I agree with others about portions. If you absolutely can't keep up with the Tracker (and I think that's probably the most powerful tool SP gives us), at least try to get an idea of portion sizes. Use smaller plates to eat from. Yes, portions apply to every meal, not just dinner!
Simply being more aware of what you're eating is preferable to no kind of tracking at all.
Fitness Minutes: (7,465)
36 7/5/13 11:38 P
Honestly not counting calories can be tricky for some people. I would say definitely get a firm grip on portions sizes, following the bikini diet i.e making half your plate veggies/fruits, one fourth protein and the other fourth carbs is definitely a good idea, being active is always important, and most importantly pay attention to your hunger signals
I personally have trouble maintaining my weight not because I eat to much when I'm not counting calories but because I eat too little. So definitely be aware that it can be hard to get out the calorie counting mindset.
I was counting calories with My Fitness Pal for almost two months and never lost an ounce. I joned Weight Watchers last month and no longer count calories...just points. I have lost 6 lbs. so far.
I am quickly learning the point value of my favorite foods, so I am finding that I don't need to look up foods and their values nearly as much as I did in the beginning. :)
Fitness Minutes: (14,252)
9,689 7/5/13 10:17 P
The first thing you must do is learn to count calories. I really believe that before you can dump counting calories, you must familiarize yourself with it. I recently stopped counting calories, but only after more than a year of doing so. Right now, I have a pretty good idea what I'm eating, and when, because I've been doing it long enough. That's not something I ould have done 6 or 9 months ago.
Also, don't look at the pyramid anymore. It's antiquated advice that's been replaced by a much easier to use, portion-based guide called the Food Plate:
It's harder to visualize it for lunch, but yes. Just think: a turkey sandwich gets you the carbs and protein and a side salad gets you the veggies. For breakfast, eggs and toast with half a plate of berries works.
Fitness Minutes: (2,377)
37 7/5/13 9:02 P
I'm trying to understand it plate wise but I only visualize it as dinner, is that supposed to be for breakfast and lunch as well?
For me, (when I'm not tracking) I try to just be aware of what I'm eating. Most of the time it should be good, healthy food - I don't really weight or measure fruits and vegetables because it would take a lot to over eat those. I know what a serving of meat/fish/poultry is and I try to make sure I'm staying at that, ditto carbs. I can't eat the whole bread basket, you know?
We buy a lot of produce and if that starts rotting in the fridge, I know we aren't eating enough of it and I need to change that. Usually, I'm replacing it with something that I'd rather not be eating.
I started tracking my food again because the scale isn't moving when I felt it should. I still don't weigh/measure, but I realized how many "treats" I was giving myself.
I don't know that it's about counting calories (for me) it's about being accountable and aware of what and how much I'm eating. And when I want a frozen yogurt, it's easy to "forget" I had a muffin at a meeting at work.
I look at it this way, my sister in law is pretty thin. She doesn't measure or count what she eats, but I can tell she's aware of it by what and how much she puts on her plate. About 1/2 what the rest of our family shoves on our plates (before I was losing weight).
If you want to look at it plate-wise, half your plate should be veggies. 1/4 protein and 1/4 carbs. I tend to lean toward starchier veggies so I skip the bread more often than not.
The Weight Watchers plan is a little less persnickety than "counting calories." I did it once wayyyy back when, and found it an easy way to keep tabs on how much food I was consuming. I was very successful with it. (a decade later though, i'm doing it over! sigh!).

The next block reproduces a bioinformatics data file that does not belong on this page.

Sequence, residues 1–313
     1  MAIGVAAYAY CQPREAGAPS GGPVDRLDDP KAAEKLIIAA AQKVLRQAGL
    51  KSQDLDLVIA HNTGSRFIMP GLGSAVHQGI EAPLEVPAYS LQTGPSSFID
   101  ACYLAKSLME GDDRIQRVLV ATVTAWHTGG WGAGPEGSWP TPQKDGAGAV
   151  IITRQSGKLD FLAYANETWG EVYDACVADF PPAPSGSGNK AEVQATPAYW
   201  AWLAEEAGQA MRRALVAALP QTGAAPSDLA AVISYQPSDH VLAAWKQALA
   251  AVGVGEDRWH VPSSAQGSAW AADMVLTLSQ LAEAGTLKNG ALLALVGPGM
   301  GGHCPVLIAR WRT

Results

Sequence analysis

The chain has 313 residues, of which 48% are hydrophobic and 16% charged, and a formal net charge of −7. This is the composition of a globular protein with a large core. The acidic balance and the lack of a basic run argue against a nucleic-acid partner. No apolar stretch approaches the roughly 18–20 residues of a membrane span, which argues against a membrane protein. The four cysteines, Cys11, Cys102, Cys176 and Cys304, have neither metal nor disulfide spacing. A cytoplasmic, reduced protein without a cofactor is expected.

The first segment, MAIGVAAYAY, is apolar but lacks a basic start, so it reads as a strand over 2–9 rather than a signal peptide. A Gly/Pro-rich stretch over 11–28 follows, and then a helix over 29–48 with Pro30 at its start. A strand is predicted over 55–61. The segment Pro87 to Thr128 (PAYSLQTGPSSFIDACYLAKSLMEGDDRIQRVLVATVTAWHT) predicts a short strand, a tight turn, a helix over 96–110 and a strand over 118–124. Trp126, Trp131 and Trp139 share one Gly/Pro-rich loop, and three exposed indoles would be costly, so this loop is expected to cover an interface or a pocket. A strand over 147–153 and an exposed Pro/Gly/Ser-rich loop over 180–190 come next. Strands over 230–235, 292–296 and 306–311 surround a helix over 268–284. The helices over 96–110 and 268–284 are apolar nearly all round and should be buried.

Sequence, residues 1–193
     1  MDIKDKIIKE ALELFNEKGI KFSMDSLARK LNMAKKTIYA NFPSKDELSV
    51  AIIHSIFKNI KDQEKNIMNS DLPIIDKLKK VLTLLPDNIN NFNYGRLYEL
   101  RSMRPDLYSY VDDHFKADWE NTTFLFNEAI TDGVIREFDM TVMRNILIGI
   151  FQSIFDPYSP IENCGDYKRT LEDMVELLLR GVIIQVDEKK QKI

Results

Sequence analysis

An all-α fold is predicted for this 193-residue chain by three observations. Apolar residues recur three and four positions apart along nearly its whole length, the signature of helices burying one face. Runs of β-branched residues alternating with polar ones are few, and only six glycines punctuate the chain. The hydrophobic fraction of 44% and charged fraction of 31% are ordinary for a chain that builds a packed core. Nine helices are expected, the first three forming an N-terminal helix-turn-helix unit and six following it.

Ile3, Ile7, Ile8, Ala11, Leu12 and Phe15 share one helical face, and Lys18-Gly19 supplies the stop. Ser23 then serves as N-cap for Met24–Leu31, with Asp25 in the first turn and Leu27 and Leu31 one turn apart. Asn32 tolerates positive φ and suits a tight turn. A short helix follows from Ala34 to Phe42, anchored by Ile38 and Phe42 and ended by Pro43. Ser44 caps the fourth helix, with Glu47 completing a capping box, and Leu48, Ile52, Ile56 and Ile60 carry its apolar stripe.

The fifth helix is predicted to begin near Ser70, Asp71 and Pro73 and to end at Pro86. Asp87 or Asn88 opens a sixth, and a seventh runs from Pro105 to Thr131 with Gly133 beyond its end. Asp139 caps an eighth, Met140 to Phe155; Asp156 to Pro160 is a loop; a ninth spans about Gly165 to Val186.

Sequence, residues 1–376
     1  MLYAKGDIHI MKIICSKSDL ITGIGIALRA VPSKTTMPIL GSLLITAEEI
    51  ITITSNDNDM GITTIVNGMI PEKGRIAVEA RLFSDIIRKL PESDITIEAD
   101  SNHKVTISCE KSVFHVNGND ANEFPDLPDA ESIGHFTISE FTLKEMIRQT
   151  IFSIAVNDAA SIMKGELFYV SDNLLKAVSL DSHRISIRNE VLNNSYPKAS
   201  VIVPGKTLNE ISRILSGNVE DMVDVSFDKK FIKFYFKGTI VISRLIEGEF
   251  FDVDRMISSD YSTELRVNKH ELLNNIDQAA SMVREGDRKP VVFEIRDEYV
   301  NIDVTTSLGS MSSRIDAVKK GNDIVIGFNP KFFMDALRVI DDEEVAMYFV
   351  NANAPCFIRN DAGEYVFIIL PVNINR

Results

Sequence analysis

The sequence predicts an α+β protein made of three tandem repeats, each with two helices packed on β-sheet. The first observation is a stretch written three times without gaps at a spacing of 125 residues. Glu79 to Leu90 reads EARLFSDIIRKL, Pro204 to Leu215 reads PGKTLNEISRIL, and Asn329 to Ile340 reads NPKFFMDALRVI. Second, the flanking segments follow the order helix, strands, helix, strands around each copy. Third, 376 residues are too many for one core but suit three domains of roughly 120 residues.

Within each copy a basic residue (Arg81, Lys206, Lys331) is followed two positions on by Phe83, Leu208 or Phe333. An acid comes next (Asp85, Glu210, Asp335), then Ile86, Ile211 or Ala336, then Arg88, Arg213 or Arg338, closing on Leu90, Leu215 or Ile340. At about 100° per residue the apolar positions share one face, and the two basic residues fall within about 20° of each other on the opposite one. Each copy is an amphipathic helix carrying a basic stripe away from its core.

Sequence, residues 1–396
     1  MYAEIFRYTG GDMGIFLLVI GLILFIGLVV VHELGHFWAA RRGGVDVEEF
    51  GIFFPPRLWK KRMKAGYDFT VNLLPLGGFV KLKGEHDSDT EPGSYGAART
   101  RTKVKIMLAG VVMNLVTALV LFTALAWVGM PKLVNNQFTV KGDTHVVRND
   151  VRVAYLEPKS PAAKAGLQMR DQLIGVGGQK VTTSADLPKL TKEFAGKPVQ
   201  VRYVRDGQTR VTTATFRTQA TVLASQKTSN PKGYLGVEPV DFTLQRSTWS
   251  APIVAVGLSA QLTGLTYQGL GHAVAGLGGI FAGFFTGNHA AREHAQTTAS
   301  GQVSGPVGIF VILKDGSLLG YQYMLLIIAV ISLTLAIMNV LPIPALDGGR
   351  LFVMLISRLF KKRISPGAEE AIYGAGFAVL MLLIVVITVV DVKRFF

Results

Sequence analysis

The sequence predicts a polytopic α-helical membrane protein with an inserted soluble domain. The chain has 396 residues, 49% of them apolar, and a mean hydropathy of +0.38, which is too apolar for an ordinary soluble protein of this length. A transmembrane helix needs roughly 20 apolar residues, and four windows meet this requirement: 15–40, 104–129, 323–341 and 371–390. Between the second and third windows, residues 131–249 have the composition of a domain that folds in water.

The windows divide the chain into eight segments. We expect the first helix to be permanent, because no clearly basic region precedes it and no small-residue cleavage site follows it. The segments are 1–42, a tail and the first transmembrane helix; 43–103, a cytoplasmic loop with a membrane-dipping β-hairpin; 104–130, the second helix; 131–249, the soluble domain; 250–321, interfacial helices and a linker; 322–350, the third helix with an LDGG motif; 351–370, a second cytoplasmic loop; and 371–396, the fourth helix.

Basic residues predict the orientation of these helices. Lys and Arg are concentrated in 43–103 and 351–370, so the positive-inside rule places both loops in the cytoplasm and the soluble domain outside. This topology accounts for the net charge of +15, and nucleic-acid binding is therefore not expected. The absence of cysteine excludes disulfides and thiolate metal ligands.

These days I'm counting calories because I find it easier to just plunk things into the nutrition tracker than I found it to look up points-values and jot them in a notebook (though, of course you can do the WW thing online these days too... but... at a cost). My husband, however, MUCH prefers "counting points." He internalized the points system back in 1999 and still is able to eyeball a piece of chicken and go "that's 'bout 3 points there, and two for the salad dressing, lettuce is free..." and although my own record is bound to be much more accurate down to that very last calorie, his method is quicker and easier for him, and keeps him in the right ballpark for weight loss.
the usda servings are portions of food. a portion/serving of meat is 3-4 oz, a portion/serving of cheese or nuts is one ounce, and so forth. yes, some of the 1/2 cup counts as a cup stuff is confusing. but look at the what counts as a serving portion, and aim for 3-5 of them.
Fitness Minutes: (2,377)
37 7/5/13 4:35 P
thanks but I've been on sparks before counting calories and lost 35 pounds but later on I gained 25 of it back because I started eating bad and for some reason don't understand how much of what Im supposed to be eating thats healthy. I feel like Im eating healthy but too much.
I lost my first 15 pounds by giving myself guidelines: No drinking calories (water or tea only), three desserts a week, get 10 servings of vegetables and 5 servings of fruit each day (a serving is only 1/2 cup, so a salad would get me 6-8 servings of vegetables, easily). Exercise at least 10 minutes a day, even if it is just a walk in the neighborhood.
After that, I needed to count calories to continue losing.
After you count calories for a while and develop a good mental understanding of what 1200/1500/1800/2500 calories looks like, and are aware (mentally) of what you are eating, then I think you can loosely track calories in your head and lose weight that way. Some people have a hard time with this, and end up eating too little, or feeling deprived, or eating too much. But I think it's possible for someone who has spent a long time (6 Months+) counting calories.
Fitness Minutes: (2,377)
37 7/5/13 4:14 P
Does anyone know how to stop counting calories and find an easier way like just tracking servings of food groups from the pyramid? I've looked at the pyramid but their servings are different from portions, its got me totally confused. I would love to live my life without counting calories and eating while maintaining a healthy weight. My mom told me about the "Deal a meal" which is now known as foodmover but I just don't get it.